Generally speaking, consumers prefer not to blaze new trails. Rather than do something completely new, they’d prefer to follow in the footsteps of other buyers, sticking to those things that are tested and verified. This is fundamental human psychology; you probably wouldn’t want to be the first person to try a new medical supplement or diet product, for instance, but may feel far more confident about it if you know that other people have done it and had a positive experience.
That’s the basic concept behind social proof—and it’s a concept too often overlooked by today’s marketers. When leveraged correctly, social proof can actually be a valuable way of boosting confidence in your product or service. And it can be especially advantageous for e-commerce stores, which is what we’ll look at today.
Different Forms of Social Proof
Let’s start with a clear definition of the term. When we talk about social proof, we’re talking about the validation of your product/service/content through the demonstration of some action taken by a previous user.
Social proof can come in a number of forms. The most powerful are probably reviews and testimonials from previous customers, but there are other forms that can also have some utility. Social sharing and online ratings can be impactful. Actually, something as simple as a Like on your Facebook post constitutes some small form of social proof.
Why Social Proof is Powerful
No matter what form it takes, social proof can help your online consumers purchase more confidently. This largely comes down to trust. In order for anyone to make a purchase from your e-commerce site, they need to trust that their transaction will be quick, convenient, and secure, that they will be charged the amount you say you’re going to charge them, and that the product will arrive in just the condition and timeline you say it will.
This concept of trust takes on a much different form in a traditional brick-and-mortar store where the buyer can simply pick up a product, inspect it with their own eyes, and make an immediate assessment about its quality.
Online shoppers don’t have that luxury—so why should they trust you? That’s where social proof comes in. Your customers can’t necessarily see the product for themselves, but they can see proof that other people have bought the product and been satisfied with it.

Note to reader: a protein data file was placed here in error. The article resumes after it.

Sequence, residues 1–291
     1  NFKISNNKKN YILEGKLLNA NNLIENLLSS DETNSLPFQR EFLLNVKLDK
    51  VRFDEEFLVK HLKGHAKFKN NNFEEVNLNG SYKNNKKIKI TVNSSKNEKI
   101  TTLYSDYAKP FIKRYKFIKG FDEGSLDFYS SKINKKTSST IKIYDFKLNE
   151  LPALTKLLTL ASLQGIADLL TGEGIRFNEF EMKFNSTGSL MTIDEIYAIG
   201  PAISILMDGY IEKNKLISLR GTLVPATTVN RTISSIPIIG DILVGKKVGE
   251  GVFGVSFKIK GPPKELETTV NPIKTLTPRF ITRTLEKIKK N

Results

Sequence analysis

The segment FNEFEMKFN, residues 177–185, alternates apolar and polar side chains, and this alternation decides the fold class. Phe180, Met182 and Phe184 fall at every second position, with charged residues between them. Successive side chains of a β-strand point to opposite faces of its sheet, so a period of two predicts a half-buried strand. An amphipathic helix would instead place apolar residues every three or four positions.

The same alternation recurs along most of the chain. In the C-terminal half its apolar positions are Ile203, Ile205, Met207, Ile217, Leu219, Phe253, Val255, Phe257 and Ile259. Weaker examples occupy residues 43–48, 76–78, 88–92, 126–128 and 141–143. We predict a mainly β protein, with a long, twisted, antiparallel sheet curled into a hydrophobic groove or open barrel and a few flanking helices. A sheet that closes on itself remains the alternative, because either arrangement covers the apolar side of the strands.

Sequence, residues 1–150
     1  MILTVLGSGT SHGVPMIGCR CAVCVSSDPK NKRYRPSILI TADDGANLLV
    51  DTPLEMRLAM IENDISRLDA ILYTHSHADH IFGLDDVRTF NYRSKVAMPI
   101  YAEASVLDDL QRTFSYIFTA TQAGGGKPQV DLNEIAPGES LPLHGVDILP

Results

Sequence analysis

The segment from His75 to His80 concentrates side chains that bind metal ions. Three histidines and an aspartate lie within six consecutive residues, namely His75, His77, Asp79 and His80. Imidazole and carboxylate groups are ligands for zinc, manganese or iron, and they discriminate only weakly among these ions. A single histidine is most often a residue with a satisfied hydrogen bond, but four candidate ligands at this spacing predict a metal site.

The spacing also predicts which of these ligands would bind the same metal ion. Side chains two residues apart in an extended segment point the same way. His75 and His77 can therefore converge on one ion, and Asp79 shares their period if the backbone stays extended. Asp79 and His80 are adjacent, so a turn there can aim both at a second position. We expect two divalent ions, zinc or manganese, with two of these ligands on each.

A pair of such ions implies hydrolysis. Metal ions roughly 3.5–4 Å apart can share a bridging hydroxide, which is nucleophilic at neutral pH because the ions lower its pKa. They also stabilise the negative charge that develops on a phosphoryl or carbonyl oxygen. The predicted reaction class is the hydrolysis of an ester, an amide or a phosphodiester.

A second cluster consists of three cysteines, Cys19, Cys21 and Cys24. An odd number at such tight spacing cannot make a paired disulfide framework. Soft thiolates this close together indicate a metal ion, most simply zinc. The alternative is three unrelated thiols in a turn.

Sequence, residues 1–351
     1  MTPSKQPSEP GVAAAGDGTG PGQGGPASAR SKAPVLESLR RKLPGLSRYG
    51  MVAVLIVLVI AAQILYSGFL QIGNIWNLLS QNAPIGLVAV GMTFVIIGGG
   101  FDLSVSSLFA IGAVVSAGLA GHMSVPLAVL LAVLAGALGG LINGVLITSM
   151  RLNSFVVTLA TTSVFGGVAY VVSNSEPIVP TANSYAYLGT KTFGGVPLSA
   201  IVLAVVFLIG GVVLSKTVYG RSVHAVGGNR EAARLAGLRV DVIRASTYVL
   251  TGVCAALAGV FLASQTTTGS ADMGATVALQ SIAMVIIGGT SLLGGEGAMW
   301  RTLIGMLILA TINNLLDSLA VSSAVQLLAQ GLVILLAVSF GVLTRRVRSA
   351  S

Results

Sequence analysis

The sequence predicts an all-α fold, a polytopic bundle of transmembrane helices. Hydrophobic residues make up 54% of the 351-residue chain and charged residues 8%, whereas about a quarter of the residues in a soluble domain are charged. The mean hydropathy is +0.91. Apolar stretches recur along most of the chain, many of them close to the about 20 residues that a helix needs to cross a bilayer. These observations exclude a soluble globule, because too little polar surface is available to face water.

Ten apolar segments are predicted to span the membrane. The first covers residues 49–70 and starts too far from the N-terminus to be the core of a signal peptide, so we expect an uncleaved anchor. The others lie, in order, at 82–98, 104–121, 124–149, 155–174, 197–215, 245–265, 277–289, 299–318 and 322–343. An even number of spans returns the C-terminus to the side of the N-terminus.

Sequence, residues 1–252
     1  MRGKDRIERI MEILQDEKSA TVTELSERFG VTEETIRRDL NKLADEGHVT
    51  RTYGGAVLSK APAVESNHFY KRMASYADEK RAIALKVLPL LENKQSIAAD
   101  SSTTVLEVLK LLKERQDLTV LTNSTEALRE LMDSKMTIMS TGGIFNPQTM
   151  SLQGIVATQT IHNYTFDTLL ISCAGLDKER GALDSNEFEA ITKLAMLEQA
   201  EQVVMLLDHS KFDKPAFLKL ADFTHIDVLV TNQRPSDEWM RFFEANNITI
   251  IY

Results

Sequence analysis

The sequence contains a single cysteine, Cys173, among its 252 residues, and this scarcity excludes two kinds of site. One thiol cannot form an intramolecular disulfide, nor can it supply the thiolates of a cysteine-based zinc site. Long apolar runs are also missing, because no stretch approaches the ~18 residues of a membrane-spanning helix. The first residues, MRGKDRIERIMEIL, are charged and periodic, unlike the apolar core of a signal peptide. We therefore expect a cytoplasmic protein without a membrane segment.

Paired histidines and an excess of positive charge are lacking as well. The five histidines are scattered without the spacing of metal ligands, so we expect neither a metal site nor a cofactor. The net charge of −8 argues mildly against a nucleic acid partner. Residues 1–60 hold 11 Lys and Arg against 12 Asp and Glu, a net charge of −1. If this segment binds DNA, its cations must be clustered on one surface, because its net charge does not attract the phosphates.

To put it succinctly: with social proof, you’re persuading potential buyers that they can purchase your product and not regret it.
Additional Benefits to Social Proof
Social proof can be a powerful trust-builder, but there are also some other ways in which it benefits your e-commerce brand.
One advantage is discovery. For example, imagine someone who is scrolling through Facebook and sees that their friend has “liked” an image of a new blender. That person may not have been actively seeking new appliances but stumbling upon this blender—and seeing that their friend has vouched for it in some small way—immediately puts it on their radar.
Social proof can help build brand affinity, as well. When a social media user routinely sees your brand mentioned, liked, engaged, or rated by their friends and colleagues, it helps them develop a connection with it, even before they move to purchase one of your products.
Not only can different forms of social proof be powerful but they can also be cost effective. A five-star review from a previous customer can carry at least as much weight as a paid ad, and it doesn’t necessarily cost you anything.
A final note about social proof is that it’s something you can leverage across different channels—effectively making it valuable fodder for your content marketing efforts, your email newsletter, and more. When added to your product pages, customer reviews and testimonials can also be validating “trust factors” for the website itself.
Using Social Proof in Your E-commerce Marketing
The trickiest thing to remember about social proof is that it’s ultimately user-generated; it’s not something you can simply purchase, as you might an advertisement, but there are things you can do to cultivate it. For example, we’ve often recommended that our clients reach out to some of their best, most loyal customers and simply ask them directly for a testimonial or a review. You can also ask for reviews on your invoices, receipts, and in post-checkout prompts.
Social proof is far too valuable to be neglected, which is why we’d recommend a digital marketing strategy that actually helps to generate it. If that’s something you’re interested in discussing, reach out to enCOMPASS today and let’s chat!
SHARE THIS ARTICLE: